Take Your Career To The Next Level With Enhanced Finance Knowledge
Ever hear an artist or a communications professional say that they chose their career path in part because they weren’t good at math? Perhaps your own educational and career choices were the result of your discomfort with numbers.
Sure, we all have our strengths and weaknesses. Not everyone needs to be a financial guru, especially if that is not one’s particular skillset. But, if you really want to grow in your career as a manager or professional working in a non-financial role, then it is imperative to enhance your knowledge of finance, says Duke Corporate Education professor Joe Perfetti. In the following Q and A, he shares why this is the case and offers guidance on how to improve your financial knowledge.
Why is it so important for managers who lack financial fluency to improve their financial/business acumen?
Finance is the universal language in business. If you do not speak it, you are at a clear disadvantage. I run across many employees who cannot get their projects funded, budgets approved or they sit through meetings and have no idea what is being said. Many of them have great ideas. But opportunities get lost because they don’t know how to communicate the cost and benefit in a way that they are heard.
Why is it a challenge for non-finance professionals to improve in this area?
Finance does not have to be complicated. A lot of it is common sense. But someone has to take the time to explain it in an understandable way. Many finance people are not the best of communicators and that becomes a challenge.
What are some daily habits/routines that will help increase financial fluency?
My first recommendation is to pay attention to the financial world around you. So, scan websites like Bloomberg and the WSJ and look for news about the company you work for or your industry. If you work for a publicly traded company, go to your company’s investor relations website and read the documents they put together for investors and regulators. For extra credit, listen to your company’s quarterly analyst calls. If you can’t make it to the live calls, listen to the recordings. Failing that, get a hold of an analyst report of your company. Analyst reports are the Cliffs Notes summary of what’s going on in your company and your industry. You may be surprised to learn how your workplace is viewed from the outside. And for those of you who work for a private company, find your closest competitor that is publicly traded and look at their investors relations website and analyst reports to get a sense of what’s happing in your industry.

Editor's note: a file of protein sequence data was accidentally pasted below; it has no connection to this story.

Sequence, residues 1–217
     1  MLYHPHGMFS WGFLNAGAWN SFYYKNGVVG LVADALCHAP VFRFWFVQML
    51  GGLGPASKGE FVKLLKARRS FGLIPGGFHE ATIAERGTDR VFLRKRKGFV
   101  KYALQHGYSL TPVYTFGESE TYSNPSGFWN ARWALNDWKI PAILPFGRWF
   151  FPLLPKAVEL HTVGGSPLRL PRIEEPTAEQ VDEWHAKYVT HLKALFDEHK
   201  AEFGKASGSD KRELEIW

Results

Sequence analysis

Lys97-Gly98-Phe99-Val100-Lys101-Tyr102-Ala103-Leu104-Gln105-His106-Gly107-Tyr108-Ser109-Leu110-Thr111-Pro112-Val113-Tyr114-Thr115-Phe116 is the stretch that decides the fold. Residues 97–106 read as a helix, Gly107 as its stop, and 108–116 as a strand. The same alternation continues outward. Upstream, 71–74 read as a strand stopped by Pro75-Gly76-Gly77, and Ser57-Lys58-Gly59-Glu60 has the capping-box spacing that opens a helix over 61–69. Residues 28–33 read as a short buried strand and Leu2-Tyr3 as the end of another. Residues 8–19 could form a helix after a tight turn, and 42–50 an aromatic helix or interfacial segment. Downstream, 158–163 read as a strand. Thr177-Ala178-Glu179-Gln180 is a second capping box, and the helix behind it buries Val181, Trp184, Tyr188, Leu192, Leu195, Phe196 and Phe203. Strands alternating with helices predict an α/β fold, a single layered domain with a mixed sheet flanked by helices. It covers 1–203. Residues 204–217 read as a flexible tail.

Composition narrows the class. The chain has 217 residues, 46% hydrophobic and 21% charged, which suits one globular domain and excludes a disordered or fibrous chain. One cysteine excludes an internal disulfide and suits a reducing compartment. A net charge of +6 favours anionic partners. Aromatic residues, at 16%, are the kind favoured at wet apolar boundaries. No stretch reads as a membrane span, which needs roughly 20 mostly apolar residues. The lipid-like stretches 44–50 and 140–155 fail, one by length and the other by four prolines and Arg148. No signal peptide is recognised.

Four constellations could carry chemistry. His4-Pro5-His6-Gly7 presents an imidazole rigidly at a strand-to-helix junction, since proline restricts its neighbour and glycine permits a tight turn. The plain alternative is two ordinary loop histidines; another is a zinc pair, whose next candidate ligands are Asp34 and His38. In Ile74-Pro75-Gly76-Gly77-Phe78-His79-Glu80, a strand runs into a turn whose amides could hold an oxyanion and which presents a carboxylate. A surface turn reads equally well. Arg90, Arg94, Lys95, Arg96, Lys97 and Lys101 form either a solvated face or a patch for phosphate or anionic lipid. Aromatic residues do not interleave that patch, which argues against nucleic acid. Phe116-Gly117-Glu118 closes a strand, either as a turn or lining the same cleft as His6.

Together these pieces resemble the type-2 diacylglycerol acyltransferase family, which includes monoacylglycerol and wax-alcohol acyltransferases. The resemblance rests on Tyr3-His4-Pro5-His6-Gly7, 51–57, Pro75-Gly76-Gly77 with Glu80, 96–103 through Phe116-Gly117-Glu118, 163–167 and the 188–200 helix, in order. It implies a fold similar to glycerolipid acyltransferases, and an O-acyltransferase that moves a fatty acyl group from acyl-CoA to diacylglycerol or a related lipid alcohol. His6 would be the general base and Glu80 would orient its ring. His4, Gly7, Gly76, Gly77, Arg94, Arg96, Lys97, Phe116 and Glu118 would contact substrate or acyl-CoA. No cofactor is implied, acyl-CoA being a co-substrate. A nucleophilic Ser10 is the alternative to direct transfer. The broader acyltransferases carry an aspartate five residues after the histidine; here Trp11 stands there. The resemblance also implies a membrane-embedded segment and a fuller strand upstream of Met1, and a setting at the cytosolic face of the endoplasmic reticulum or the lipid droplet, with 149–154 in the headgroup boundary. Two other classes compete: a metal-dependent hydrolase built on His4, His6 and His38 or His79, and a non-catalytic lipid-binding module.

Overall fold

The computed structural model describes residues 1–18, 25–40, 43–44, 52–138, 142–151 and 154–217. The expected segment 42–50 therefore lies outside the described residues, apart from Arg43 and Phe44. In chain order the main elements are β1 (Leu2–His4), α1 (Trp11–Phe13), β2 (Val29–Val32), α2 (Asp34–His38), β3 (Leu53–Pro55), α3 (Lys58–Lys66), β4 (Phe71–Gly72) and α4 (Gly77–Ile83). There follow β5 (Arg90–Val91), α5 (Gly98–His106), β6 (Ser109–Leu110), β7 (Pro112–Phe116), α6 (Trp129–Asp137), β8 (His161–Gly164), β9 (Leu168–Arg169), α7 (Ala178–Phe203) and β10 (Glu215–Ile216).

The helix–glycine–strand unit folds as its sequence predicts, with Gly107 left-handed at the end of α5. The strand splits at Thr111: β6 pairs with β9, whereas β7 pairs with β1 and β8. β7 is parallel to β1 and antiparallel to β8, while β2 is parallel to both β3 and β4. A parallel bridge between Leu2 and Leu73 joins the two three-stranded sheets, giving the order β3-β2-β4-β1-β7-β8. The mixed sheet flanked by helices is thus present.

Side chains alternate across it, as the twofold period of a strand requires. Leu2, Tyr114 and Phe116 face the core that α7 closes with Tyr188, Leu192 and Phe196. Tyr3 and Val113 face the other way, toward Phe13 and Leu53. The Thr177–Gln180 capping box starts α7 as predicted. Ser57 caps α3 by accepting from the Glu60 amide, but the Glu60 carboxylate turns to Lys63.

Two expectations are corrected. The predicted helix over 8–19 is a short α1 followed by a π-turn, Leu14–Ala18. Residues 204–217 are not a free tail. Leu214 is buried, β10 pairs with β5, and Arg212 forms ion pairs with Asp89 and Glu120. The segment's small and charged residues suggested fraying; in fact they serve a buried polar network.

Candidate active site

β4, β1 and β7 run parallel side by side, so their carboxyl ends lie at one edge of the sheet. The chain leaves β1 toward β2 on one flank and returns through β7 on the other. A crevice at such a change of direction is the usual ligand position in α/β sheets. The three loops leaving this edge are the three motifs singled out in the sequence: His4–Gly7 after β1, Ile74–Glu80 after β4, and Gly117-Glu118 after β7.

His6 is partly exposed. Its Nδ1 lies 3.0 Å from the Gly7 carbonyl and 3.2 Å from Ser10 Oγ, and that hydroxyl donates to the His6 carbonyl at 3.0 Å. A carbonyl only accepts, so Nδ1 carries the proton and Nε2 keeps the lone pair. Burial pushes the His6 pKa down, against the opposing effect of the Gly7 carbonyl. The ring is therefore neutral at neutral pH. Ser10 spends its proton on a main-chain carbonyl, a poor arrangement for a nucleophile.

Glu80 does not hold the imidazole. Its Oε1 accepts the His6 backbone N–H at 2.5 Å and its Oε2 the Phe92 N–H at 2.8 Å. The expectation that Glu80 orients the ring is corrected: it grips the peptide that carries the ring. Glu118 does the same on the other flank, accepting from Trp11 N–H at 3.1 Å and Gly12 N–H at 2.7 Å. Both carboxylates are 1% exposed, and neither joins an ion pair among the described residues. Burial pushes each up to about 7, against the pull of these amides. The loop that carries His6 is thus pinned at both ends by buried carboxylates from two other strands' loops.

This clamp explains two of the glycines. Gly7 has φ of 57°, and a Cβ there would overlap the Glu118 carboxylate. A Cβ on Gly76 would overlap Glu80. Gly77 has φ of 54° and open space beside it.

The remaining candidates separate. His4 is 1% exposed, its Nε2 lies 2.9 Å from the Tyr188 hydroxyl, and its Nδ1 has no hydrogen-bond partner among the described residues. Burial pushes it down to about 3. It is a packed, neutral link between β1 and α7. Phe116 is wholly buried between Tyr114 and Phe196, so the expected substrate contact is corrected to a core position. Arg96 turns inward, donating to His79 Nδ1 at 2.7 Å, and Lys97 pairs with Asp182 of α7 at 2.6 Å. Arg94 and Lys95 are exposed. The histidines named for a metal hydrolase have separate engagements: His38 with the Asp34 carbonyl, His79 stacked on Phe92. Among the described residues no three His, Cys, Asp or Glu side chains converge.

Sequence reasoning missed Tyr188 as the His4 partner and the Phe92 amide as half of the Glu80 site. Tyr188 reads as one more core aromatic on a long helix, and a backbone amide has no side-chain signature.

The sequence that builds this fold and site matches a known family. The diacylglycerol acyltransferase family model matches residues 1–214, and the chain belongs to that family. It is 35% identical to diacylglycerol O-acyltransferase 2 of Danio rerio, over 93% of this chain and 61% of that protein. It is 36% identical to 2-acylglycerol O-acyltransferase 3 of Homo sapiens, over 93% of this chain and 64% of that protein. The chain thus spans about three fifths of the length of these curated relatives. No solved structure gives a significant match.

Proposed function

Can you share an example of how a team or individual reaped benefited as a result of stepping up knowledge around finance?
Finance departments act as gatekeepers, deciding which projects, initiatives, and growth strategies will get funding. So, I do a lot of work with companies to help non-financial managers develop real world business cases that are responsive to the concerns of the CFOs and VPs of finance who approve projects. Recently, I was coaching a team from a Fortune 500 company on the idea of creating a kiosk to be deployed at airports, train stations and other high-volume sites for business travelers to purchase last minute personal needs. It was very satisfying to see one of the kiosks deployed at an airport as I was travelling on a connecting flight!
How can managers address gaps in financial fluency and demystify the world of finance?
The number one suggestion is to be curious. You must want to know about finance and the numbers. Managers also must ask questions. When I speak with senior leaders at companies, I’m surprised how few know what their hurdle rate is. So, I give them a “homework assignment”: I tell them to speak with their finance team and ask them what their hurdle rate is. This assignment isn’t just about getting an exact hurdle rate figure; it’s about starting a dialogue between managers and the finance folks.
Professor Joe Perfetti is an expert in corporate finance and strategy. He teaches the Building Financial Acumen online course for Duke Corporate Education.